Canadian boss from hell fights deportation.

Jeffrey Wells doesn’t buy the idea that a 32-year-old like Ryan Reynolds would hook up with a 44-year-old like Sandra Bullock, as apparently happens in The Proposal — or, since the relationship between these two characters is a lie (at least at first), perhaps his complaint is that the other characters wouldn’t buy it. But I have one or two quibbles of my own after seeing this trailer:

Click here if the video file above doesn’t play properly.

First, it looks like Bullock’s character is supposed to be a boss from hell who suddenly has to pretend to be nice in order to “sell” the idea that she and Reynolds are getting married — but all I’m seeing is the actress, the nice girl next door who now has to pretend to be the boss from hell simply because the script requires her to do so. So there’s a serious credibility issue here.

Second, when Bullock’s character is told that her visa application fell through and she is going to be deported, she replies: “It’s not like I’m an immigrant or something. I’m from Canada!” I find this reaction implausible at best, and damning at worst, since Canadians in general are very conscious of the fact that we are not Americans, and indeed many of us would be offended (mildly or otherwise) if an American were to say that Canada isn’t really a separate country. So I wouldn’t be surprised if many Canadian audience members, on hearing this line, immediately branded Bullock’s character a traitor to her own kind.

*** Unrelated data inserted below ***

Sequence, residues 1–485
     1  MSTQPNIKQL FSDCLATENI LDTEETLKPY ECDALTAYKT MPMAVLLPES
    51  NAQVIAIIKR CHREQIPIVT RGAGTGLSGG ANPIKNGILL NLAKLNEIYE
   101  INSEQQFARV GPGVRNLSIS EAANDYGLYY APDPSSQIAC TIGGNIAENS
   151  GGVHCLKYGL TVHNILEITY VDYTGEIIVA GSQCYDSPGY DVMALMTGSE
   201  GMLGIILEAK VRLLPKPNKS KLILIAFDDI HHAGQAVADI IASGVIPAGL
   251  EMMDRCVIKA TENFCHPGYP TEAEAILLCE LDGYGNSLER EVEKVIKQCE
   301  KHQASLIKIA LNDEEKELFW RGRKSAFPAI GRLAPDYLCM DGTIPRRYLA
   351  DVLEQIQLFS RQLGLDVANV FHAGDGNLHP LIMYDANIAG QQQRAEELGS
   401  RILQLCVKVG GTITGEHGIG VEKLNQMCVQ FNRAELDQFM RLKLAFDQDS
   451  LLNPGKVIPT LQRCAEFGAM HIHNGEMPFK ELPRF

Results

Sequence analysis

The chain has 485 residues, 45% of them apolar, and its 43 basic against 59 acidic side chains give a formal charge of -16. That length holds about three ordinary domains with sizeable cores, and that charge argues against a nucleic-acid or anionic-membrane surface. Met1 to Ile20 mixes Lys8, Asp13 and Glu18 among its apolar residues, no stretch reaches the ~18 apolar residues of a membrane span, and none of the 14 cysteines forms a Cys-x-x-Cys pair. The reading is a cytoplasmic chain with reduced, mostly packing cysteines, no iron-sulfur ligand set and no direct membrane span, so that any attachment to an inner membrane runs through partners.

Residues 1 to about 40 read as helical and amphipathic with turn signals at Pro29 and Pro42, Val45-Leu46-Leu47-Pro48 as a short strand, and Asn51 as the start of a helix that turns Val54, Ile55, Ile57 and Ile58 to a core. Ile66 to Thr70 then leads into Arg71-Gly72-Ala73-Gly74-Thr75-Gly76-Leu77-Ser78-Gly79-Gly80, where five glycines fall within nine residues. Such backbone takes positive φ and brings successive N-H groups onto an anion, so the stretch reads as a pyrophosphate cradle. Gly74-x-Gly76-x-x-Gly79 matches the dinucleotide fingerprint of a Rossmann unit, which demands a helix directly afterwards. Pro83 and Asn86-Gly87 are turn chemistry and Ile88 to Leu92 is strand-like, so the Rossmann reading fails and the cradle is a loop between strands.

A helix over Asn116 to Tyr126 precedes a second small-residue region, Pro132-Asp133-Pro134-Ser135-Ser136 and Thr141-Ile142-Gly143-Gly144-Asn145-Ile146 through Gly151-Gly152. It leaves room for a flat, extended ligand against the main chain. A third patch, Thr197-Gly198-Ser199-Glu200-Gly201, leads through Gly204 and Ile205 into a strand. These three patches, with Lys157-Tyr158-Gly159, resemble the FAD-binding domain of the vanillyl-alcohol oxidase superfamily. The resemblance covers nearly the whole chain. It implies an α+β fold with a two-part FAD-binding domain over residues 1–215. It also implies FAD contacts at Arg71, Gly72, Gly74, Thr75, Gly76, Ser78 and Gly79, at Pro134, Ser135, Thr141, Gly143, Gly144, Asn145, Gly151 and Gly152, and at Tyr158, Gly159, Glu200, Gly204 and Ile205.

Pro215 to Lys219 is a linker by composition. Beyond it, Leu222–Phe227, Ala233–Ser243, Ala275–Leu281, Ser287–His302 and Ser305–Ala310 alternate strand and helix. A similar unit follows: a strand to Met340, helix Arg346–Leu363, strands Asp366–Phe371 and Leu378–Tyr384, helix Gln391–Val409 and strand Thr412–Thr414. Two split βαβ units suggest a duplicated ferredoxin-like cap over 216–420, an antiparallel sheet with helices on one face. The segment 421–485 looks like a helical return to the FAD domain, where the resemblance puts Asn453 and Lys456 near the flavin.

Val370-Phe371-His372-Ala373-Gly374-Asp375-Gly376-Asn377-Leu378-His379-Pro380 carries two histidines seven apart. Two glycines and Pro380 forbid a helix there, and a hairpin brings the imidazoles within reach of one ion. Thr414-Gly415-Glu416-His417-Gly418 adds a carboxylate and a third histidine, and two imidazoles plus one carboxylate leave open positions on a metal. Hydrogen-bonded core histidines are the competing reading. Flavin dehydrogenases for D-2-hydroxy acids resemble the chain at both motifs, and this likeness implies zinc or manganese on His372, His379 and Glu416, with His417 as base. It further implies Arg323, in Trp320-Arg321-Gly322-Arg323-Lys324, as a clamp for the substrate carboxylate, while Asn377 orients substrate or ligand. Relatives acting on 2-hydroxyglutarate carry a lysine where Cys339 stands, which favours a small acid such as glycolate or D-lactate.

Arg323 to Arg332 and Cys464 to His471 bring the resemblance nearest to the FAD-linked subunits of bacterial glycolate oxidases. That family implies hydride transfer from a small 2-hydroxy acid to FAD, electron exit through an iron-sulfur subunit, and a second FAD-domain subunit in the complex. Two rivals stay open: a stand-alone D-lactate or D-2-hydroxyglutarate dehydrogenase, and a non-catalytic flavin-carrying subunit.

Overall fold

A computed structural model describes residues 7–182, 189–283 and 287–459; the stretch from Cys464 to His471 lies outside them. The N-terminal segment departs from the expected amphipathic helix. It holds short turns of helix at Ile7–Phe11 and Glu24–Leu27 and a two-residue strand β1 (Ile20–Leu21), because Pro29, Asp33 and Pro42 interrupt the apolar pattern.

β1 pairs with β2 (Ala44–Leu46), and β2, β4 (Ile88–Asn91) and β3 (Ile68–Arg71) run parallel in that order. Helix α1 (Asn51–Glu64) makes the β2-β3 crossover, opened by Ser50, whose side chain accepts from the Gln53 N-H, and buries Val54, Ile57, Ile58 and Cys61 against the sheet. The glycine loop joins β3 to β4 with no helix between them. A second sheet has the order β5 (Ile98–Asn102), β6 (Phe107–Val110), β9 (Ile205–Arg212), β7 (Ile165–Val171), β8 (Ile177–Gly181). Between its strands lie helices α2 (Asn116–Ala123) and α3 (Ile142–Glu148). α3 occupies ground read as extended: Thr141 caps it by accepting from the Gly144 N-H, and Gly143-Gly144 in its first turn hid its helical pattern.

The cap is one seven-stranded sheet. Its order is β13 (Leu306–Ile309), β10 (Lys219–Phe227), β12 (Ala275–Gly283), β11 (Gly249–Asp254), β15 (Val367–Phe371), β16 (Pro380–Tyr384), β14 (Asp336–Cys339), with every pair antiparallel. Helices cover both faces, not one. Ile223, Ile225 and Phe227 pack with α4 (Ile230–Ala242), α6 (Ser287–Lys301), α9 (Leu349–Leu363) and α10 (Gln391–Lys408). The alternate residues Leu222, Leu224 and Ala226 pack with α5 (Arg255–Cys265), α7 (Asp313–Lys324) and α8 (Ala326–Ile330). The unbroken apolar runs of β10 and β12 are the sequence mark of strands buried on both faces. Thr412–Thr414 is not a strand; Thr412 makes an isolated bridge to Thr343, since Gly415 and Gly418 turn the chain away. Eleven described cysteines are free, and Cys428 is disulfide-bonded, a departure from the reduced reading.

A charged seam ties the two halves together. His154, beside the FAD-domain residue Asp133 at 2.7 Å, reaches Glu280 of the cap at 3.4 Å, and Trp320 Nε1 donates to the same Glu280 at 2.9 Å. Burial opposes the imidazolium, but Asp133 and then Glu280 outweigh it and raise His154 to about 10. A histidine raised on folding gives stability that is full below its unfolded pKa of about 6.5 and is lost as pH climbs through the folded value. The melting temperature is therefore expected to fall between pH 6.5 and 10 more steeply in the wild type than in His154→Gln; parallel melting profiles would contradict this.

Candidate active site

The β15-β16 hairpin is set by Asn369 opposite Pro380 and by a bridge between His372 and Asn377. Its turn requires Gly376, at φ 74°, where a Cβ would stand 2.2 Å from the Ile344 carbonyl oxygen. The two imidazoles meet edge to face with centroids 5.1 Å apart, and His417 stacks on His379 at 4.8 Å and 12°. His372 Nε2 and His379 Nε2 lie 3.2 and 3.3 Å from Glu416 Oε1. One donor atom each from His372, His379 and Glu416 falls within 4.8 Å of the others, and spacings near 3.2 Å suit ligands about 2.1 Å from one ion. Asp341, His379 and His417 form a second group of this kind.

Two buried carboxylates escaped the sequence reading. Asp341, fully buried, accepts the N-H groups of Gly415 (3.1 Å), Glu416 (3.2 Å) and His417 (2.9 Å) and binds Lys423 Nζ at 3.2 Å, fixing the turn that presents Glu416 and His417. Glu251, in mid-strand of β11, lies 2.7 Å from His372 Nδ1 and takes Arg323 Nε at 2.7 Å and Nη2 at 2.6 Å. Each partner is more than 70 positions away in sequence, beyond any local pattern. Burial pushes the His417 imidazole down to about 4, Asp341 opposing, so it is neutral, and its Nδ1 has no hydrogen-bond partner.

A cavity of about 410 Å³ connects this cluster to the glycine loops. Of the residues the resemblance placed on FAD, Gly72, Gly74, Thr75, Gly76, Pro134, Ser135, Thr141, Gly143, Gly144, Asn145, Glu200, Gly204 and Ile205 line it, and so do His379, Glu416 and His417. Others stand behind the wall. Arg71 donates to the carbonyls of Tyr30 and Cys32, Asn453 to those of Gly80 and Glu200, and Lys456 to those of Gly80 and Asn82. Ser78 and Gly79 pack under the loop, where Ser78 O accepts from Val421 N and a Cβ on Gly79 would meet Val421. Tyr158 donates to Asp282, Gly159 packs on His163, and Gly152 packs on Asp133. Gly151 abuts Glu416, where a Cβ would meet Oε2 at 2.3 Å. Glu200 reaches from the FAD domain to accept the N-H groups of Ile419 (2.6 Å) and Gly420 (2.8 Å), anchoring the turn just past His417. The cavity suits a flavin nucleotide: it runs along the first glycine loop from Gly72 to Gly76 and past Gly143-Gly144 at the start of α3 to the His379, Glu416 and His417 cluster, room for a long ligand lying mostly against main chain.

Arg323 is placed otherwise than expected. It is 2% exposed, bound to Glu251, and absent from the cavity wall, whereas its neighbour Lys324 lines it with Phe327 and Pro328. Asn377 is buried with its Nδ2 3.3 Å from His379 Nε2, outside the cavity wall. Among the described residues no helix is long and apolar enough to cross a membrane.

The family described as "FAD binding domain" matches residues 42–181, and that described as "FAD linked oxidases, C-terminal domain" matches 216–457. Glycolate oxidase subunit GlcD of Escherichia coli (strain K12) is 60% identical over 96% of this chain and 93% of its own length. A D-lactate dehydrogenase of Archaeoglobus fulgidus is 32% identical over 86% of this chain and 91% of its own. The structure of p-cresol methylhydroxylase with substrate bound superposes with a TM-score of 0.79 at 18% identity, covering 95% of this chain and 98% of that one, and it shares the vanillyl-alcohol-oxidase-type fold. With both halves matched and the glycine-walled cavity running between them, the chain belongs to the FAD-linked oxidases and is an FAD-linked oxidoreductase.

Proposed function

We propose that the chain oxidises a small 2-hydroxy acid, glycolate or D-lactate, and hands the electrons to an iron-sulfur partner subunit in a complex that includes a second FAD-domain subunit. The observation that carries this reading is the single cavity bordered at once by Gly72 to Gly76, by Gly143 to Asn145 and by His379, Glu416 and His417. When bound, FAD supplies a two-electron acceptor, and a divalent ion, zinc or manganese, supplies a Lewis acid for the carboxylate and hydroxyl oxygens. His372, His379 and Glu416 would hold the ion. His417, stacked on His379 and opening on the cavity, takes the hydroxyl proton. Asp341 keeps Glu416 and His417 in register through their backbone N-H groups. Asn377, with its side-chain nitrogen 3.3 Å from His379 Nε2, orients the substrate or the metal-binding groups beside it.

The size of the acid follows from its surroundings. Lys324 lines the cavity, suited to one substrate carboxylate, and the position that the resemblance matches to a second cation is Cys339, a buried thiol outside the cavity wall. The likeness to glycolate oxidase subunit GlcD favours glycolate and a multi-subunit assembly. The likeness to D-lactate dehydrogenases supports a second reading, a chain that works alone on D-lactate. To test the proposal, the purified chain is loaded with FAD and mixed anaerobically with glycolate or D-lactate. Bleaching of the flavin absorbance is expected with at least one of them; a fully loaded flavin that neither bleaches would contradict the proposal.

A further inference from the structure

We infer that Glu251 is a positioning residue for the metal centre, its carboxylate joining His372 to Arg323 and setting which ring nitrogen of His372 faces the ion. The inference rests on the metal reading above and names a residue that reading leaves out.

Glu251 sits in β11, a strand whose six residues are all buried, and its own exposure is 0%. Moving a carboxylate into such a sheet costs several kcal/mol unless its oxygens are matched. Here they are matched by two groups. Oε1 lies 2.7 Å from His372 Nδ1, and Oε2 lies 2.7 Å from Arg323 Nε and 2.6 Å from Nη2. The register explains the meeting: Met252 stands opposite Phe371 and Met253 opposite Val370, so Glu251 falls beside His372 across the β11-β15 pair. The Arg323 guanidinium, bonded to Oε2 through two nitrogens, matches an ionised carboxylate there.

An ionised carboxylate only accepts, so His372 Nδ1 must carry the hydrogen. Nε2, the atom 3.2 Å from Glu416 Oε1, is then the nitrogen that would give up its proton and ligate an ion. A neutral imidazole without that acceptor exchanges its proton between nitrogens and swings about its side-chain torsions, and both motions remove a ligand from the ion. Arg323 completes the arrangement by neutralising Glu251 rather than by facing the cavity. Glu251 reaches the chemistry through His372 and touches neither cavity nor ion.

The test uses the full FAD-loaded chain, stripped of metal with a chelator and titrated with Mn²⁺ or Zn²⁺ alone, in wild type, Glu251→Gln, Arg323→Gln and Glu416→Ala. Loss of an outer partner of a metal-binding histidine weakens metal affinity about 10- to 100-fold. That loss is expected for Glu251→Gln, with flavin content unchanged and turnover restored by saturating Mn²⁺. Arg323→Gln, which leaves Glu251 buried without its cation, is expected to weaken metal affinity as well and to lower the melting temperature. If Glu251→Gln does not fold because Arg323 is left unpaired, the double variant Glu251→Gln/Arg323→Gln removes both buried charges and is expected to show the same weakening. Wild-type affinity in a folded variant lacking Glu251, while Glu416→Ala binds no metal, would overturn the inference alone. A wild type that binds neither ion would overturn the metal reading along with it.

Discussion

As it happens, while Bullock herself is an American, her co-star, Reynolds, is a Canadian — and a native Vancouverite, at that. And he’s playing the American that Bullock’s character tries to marry! So I’d love to hear his thoughts on this matter.

On the plus side, if this film succeeds in spreading the idea that a Canadian can be the boss from hell, then maybe that will help to subvert the stereotype which says that Canadians are all nice and polite. Then again, it might also perpetuate the notion that rude Canadians have to go to America to feel like they belong. Oh well.

Final thought on the trailer: Is it just me, or is Mary Steenburgen, as one of Reynolds’ Alaskan relatives, channeling a bit of Sarah Palin?

About Peter T. Chattaway

Peter T. Chattaway was the regular film critic for BC Christian News from 1992 to 2011. In addition to his award-winning film column for that paper, his news and opinion pieces have appeared in such publications as Books & Culture, Christianity Today, Bible Review and the Vancouver Sun. He has also contributed essays to the books Re-Viewing The Passion: Mel Gibson’s Film and Its Critics (Palgrave Macmillan, 2004), Scandalizing Jesus?: Kazantzakis’s The Last Temptation of Christ Fifty Years on (Continuum, 2005) and The Bible in Motion: A Handbook of the Bible and Its Reception in Film (De Gruyter, 2016).